IBM announced it is opening a new technology center in downtown Baton Rouge, La., that will bring 800 new jobs to the area.
On March 27, Louisiana Gov. Bobby Jindal and IBM Senior Vice President Colleen Arnold revealed that IBM will establish the technology center on an old Baton Rouge Advocate newspaper site. The center will provide software development and software maintenance services to clients in the United States.
"This historic partnership will help drive major economic activity and extraordinary professional and student achievement," Jindal said at an event announcing the new center. "Indeed, this investment is a big win for LSU, Baton Rouge and our entire state because it means we can make sure our students can find good-paying jobs here at home."
Students will no longer just compete against those in Texas and Georgia, but also "peers" from around the world "to find jobs in the 21st century workforce," said Jindal.
"In order to make sure our students compete and win, we must make sure they have the very best training and skills in the world—especially in the areas of science, technology, engineering and mathematics," the governor said. "This partnership accomplishes that goal. We are investing in our students and workers so America can continue to have the most-skilled workforce in the world."
IBM has been involved in many such public/private partnerships in the United States and abroad, including sustainability efforts in Dubuque, Iowa. The IBM Services Center in Baton Rouge is the result of a public/private partnership that will include expanded higher-education programs related to computer science as well as a major new riverfront development that will accelerate the revitalization of downtown Baton Rouge, IBM officials said. The center will employ a broad range of college graduates and experienced professionals with backgrounds in computer science and other fields, such as engineering, mathematics and science.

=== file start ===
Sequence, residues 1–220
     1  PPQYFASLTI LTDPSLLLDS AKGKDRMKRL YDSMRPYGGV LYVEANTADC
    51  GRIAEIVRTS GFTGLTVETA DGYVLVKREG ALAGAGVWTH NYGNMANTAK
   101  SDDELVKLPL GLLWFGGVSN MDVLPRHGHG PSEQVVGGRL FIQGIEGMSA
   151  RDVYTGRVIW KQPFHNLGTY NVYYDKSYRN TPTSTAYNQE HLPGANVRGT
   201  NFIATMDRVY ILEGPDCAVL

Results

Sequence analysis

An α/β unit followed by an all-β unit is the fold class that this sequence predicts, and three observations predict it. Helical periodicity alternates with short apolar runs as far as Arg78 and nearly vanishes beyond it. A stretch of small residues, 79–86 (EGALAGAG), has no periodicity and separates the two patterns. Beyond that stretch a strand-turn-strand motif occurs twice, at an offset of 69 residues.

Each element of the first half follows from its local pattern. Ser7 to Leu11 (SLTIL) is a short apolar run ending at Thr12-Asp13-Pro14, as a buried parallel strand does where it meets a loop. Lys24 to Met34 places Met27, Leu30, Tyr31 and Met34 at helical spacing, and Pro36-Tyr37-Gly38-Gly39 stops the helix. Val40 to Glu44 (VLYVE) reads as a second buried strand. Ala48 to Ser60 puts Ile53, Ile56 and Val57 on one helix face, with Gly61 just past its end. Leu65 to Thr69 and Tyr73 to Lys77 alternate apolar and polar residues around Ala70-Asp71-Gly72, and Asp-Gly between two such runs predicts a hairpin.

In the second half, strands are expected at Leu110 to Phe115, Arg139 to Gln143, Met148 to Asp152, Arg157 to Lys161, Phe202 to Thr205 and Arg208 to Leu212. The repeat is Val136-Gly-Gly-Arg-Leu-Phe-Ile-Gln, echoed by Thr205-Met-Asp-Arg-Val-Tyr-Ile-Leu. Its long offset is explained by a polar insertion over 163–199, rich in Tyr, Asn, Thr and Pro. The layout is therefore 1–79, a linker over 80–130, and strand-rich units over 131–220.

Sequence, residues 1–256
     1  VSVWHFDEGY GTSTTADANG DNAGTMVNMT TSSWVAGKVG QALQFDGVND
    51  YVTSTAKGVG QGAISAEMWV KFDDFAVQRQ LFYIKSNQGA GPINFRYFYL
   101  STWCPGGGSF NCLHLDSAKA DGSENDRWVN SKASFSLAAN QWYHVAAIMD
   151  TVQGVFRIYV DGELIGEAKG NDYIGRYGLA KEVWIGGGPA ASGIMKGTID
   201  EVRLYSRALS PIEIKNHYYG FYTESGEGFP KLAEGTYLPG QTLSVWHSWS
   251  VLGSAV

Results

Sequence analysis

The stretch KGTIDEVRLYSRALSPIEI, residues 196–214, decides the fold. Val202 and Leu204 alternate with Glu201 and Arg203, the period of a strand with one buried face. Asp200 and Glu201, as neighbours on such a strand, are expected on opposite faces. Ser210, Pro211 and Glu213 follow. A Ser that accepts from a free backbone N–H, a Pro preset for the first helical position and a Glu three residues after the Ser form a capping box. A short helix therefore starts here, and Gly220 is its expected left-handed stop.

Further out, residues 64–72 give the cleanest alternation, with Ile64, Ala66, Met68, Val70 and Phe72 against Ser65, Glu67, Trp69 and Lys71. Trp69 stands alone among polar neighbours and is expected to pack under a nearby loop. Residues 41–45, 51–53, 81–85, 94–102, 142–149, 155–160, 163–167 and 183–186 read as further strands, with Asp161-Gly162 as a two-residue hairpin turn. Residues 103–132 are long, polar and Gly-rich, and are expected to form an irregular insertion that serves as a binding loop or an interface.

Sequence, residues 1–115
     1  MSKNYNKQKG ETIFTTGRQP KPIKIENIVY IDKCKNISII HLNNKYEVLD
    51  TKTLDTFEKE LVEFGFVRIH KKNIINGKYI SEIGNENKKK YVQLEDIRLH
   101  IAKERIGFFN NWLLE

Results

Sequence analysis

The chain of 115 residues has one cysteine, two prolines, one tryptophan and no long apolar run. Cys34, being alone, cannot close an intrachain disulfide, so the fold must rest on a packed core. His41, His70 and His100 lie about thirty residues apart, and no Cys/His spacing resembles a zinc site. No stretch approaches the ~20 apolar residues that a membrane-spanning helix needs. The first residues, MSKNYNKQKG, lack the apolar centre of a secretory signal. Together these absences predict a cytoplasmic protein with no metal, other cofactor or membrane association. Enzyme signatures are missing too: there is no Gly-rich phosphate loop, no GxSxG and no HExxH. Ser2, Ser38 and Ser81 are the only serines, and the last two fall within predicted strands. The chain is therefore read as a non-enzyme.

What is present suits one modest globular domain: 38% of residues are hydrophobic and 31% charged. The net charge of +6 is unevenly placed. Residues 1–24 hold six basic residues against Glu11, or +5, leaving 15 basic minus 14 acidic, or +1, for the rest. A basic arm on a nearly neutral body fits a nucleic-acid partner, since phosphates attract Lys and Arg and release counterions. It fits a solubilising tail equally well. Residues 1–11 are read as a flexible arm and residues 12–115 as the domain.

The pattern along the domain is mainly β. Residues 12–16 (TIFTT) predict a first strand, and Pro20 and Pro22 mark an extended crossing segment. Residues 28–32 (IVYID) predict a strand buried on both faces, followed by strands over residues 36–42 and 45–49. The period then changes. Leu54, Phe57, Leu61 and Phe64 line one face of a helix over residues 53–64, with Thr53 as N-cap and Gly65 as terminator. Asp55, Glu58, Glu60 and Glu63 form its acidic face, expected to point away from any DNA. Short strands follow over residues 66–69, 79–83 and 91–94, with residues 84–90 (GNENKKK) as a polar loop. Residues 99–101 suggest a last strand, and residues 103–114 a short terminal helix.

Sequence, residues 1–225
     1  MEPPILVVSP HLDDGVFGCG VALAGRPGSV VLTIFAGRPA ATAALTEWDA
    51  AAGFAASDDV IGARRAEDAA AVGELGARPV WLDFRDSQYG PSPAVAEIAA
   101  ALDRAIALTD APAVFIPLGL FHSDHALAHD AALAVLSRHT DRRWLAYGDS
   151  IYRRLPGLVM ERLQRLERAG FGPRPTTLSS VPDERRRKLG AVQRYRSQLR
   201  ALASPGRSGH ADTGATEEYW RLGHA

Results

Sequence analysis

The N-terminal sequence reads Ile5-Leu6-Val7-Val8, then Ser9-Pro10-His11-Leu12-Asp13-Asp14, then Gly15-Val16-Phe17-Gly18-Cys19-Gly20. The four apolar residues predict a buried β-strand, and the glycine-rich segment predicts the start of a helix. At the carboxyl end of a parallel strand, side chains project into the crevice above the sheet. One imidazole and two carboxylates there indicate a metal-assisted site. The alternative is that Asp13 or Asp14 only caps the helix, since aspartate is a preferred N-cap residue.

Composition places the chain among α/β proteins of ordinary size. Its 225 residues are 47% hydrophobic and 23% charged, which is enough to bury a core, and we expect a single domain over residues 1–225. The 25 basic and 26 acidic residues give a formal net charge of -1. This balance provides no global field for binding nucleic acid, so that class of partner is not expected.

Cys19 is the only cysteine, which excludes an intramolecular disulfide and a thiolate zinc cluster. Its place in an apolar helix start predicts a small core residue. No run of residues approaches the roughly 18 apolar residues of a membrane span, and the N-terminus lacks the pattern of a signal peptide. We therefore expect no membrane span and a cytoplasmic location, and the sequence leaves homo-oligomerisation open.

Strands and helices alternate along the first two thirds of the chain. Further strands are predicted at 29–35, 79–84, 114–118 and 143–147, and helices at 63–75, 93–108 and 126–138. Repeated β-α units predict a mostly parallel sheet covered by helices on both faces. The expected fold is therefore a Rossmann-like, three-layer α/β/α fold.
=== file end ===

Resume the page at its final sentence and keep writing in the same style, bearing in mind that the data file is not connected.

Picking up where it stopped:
IBM said the center will provide IBM's U.S. clients with services that address the increasing demand for flexible software services to keep up with big data, cloud and mobile requirements they are facing. IBM Services Center: Baton Rouge will deliver technology services including application development, application management and system integration.
Moreover, in addition to the 800 jobs that will be created at the center over the next four years, Louisiana State University (LSU) estimates the project will result in approximately 542 new indirect jobs, for a total of approximately 1,342 new, permanent jobs in the state's Capital Region.
"This center exemplifies IBM's longtime commitment to partner with local communities and academic institutions to develop the capabilities our clients need," said Colleen Arnold, senior vice president of application management services at IBM, in a statement. "Our global capability model is designed to address the broadest spectrum of client requirements, build and deliver advanced skills, while inspiring and sustaining the next-generation workforce that drives innovation."
For the event, Gov. Jindal and Arnold were joined by Baton Rouge Mayor Kip Holden, Baton Rouge Area Foundation President and CEO John Davies, and LSU College of Engineering Dean Richard Koubek.